“Do not train a child to learn by force or harshness; but direct them to it by what amuses their minds, so that you may be better able to discover with accuracy the peculiar bent of the genius of each.”
The intelligence of play is to keep playing throughout life.
Children love to be outdoors in their natural environment. They love to be in the fresh air and sunlight, barefoot and naked, surrounded by trees and flowers, playing in the water and hearing the birds and the wind. It is so very important to allow our children to have the freedom to learn through play. Children are naturally interested in their surroundings and without this driving curiosity, without this innate need to explore and understand what the environment provides, children would fail to thrive and learn. As parents, it is vital that we recognize the role of curiosity in shaping our children’s lives.
We as humans make sense of the world through play and we naturally want to try and understand everything around us. If children are free to play, they cultivate an engagement with the world. It develops calmness, awareness, self-understanding, skills, confidence, curiosity and flexibility to handle stress and they learn the necessary skills of human beings everywhere – physical skills, linguistic skills, intellectual skills and social skills.
During key periods of development, play appears to be a major designer of the brain. It is interesting to know that the more intelligent a species is, the more they play and the more skillful players in nature have larger and more intricate brains.
Play, if you like, is nature’s way of ensuring that young mammals will practice the skills they need for survival. Young lions and tigers play at stalking, chasing and pouncing and young monkeys play at chasing each other and swinging from trees. However, we humans have more to learn in our sophisticated world and therefore play in far more ways than do the young of any other species. The point is that the universal forms of play seen in any culture, such as rough and tumble, loco motor play, language play and pretend and social dramatic play, match the varieties of skills that human beings everywhere must develop to survive and thrive, if we let them get on with it.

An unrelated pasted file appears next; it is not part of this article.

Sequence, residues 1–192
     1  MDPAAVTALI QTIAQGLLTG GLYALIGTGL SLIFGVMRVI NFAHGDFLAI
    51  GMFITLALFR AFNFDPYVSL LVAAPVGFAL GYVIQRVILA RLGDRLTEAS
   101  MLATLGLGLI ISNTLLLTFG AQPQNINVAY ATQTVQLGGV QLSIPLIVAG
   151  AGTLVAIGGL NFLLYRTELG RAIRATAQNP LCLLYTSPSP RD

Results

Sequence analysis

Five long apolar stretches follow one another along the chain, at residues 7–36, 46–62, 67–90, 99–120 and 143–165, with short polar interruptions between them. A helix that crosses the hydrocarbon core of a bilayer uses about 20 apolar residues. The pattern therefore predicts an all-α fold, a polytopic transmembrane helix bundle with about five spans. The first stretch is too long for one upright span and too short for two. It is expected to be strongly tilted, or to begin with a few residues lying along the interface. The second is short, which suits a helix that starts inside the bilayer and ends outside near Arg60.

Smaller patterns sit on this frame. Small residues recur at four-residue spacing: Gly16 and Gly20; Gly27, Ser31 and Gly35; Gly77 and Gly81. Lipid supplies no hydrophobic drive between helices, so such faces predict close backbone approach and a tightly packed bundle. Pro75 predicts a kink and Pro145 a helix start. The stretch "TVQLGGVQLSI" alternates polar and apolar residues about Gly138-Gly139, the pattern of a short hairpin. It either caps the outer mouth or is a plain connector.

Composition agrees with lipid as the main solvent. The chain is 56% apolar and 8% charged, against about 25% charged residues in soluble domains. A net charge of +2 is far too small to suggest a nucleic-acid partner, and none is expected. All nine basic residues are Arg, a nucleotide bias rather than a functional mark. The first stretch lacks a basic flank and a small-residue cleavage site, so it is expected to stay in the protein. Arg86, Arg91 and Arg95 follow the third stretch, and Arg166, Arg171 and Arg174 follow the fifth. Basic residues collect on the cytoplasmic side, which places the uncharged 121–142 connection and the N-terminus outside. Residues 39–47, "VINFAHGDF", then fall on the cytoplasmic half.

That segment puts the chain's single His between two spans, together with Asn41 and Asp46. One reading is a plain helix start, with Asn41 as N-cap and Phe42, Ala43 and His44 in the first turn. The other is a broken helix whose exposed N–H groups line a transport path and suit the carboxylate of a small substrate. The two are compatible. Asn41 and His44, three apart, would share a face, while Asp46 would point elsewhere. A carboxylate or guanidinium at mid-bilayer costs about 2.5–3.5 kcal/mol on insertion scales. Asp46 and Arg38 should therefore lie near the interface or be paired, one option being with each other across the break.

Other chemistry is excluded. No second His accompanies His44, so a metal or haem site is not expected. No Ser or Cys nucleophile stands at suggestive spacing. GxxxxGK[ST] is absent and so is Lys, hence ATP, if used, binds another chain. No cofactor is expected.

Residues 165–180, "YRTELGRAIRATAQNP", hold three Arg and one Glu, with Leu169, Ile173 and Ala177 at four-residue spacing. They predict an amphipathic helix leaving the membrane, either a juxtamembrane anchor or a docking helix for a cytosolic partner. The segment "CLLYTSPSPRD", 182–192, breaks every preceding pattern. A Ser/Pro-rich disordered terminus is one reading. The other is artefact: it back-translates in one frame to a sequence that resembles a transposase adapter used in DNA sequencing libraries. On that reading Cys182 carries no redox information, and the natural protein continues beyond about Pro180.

Child rearing is a continual test of our ability to trust. And it is this unlearning that is necessary for us in order to listen to our instincts as parents, so that we can trust ourselves and let our children guide us. Our anxiety for children to know certain things at specific ages is an enormous obstacle to trusting and allowing their natural development. Interestingly enough, language is the hardest thing to learn and children do it all on their own and the speediest learning in humans occurs in the youngest years, when children generally play all day.
So you might ask – what kind of play is so effective in growth and learning? The simply answer is: self-initiated and self-directed play and our adult intervention might actually get in the way. Because of our obsession to see children reach certain stages of development at a particular age, it is incredibly hard for us not to become involved in influencing how and what they are learning. Thank goodness for the hunter-gatherers and the great anthropologists such Jean Liedloff who have studied various nomadic and hunter-gatherer tribes. They can help us refer back to and unlearn our obsession with early development and conditioning of our children. The freedom that the hunter-gatherer children enjoy to pursue their own interests comes partly from the adults understanding that such pursuits are the surest path to education. Occasionally an adult might offer a word of advice or demonstrate how to do something better, such as how to shape an arrowhead, but such help is only given when the child desires it. It is remarkable to think that our instincts to learn and to contribute to the community evolved in a world in which our instincts were trusted – we don’t have to tell or encourage a child to do this, children will do it naturally because there is nothing they desire more than to grow up and to be like the successful adults around them.
Performance research has uncovered profound similarities between what athletes call the ‘zone’ and authentic play. Many athletes have said to be in a trance like state when winning a race or performing at their best. This is most likely because they have tapped into their ‘animal brain’ and allowed their natural ability to take over without thinking about it.
And that’s the point; you don’t need to think about how we train or condition our children to learn because they will do it naturally, in their own way and in their own time. So let’s kick off our shoes, run around naked with our children, feel liberated and perhaps we can learn something ourselves as nature does its wonderful thing.